For example, the earliest versions of Warhol presented only a few grid sizes and used a repetitive section to set the size of the list of images. It was only after I had the basic logic of the shortcut worked out that I switched to using the dictionary of dictionaries to handle the different grid sizes. That change cleaned up a lot of code.

The earlier versions of Warhol also had no logic for resizing the base image before assembling it into a list of images. The step came at the end, only after had created a truly enormous grid image, usually well over 10,000 pixels wide. These early versions often ran very slowly because of all the data they were slinging around.

I don’t consider any of these inefficiencies in code size or running time to be bugs. They were part of my normal process of development:

1. Order my thoughts to understand what the problem is and how to solve it.
2. Work out some code that implements that solution.
3. Improve the code to make it tighter, easier to understand, and, if necessary, faster.

Steps 2 and 3 usually lead to revisions in what I came up with in Step 1. Working out a solution almost always gives me a better understanding of what the problem really is.

Ultimately, Warhol is a solution in search of a problem. It’s the kind of automation I create because I think writing it would be fun and I would learn something in the process. On those terms, it was a success.

1. Normally, I’d have a shortcut like this set up to run in the Share Sheet, but memory restrictions don’t allow that.

# Giving time

David Sparks asks a good question: if the pandemic has given you some extra time because you’re no longer commuting, what are you going to do with it?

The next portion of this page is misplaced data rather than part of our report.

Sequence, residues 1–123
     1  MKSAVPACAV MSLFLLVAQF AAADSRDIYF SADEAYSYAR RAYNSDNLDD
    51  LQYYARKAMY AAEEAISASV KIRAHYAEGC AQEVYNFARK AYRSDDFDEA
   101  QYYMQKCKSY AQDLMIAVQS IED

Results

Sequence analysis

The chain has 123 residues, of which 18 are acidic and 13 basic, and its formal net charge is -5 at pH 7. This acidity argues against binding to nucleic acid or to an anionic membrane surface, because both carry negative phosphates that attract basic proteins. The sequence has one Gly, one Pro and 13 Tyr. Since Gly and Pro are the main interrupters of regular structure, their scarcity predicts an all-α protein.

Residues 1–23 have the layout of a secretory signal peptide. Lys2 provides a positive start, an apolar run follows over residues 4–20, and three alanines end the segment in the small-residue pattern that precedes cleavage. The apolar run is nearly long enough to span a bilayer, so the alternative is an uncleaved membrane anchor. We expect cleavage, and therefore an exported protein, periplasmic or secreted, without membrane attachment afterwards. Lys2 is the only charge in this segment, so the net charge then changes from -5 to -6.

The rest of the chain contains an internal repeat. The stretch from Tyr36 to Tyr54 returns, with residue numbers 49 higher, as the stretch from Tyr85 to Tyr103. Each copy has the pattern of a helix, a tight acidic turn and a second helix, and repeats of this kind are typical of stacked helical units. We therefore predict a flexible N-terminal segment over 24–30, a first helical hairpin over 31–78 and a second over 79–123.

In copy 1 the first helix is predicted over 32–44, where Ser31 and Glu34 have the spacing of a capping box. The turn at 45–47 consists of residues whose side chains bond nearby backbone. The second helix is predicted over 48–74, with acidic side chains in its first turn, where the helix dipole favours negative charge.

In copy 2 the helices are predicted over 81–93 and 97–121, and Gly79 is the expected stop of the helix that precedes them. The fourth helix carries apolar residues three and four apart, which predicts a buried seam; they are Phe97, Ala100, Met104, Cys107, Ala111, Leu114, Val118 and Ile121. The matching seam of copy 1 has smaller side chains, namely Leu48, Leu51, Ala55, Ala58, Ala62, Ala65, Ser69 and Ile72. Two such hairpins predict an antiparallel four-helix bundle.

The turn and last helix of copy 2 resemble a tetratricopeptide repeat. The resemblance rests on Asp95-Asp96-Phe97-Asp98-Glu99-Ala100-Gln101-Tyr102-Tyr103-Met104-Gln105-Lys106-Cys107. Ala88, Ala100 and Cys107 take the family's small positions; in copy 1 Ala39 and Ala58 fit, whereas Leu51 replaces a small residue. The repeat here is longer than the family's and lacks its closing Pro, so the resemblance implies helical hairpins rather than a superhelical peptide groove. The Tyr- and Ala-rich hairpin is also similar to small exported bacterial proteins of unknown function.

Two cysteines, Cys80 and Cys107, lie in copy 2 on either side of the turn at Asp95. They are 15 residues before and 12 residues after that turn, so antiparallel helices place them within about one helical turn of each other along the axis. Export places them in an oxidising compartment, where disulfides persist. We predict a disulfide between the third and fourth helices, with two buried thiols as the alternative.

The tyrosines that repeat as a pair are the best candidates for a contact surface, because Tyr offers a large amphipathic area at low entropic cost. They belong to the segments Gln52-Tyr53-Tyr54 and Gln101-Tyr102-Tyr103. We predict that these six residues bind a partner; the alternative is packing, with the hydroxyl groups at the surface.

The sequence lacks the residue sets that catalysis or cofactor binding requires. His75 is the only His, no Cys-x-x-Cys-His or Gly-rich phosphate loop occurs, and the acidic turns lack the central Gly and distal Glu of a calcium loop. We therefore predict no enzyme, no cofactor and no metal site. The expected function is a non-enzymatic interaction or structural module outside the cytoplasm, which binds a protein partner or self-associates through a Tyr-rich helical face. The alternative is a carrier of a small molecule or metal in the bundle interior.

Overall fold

• Don’t give it to your employer.
• Don’t give it to your clients.
• Give it to yourself and the people and things that make you feel good.

# A sticky shortcut

Last week, Dan Moren wrote a nice post about calculating the heat index in Shortcuts. I’d written a similar shortcut a few days earlier to calculate the dewpoint (it must be a summer thing), but it was kind of crappy and I had put it aside. Inspired by Dan’s work, I returned to my dewpoint shortcut and cleaned it up.

While I’m sure the dewpoint is included in some weather apps, it isn’t in the stock Weather app. It is, in theory at least, part of the data set returned by the action in Shortcuts. I say “in theory” because I’ve found that quite often the Dewpoint entry is empty when that action is run. Why that is I don’t know, but that was the reason my original dewpoint shortcut was disappointing.

The improved shortcut, which you can download, uses a calculation when falls short. Here it is:

StepActionComment
1 This puts all the weather data into the magic variable Weather Conditions
2 This checks whether the dewpoint is included in Weather Conditions. You might think the condition should be “has any value,” but that didn’t work when I tried it.
3 If there is a Dewpoint value, use it in the output text.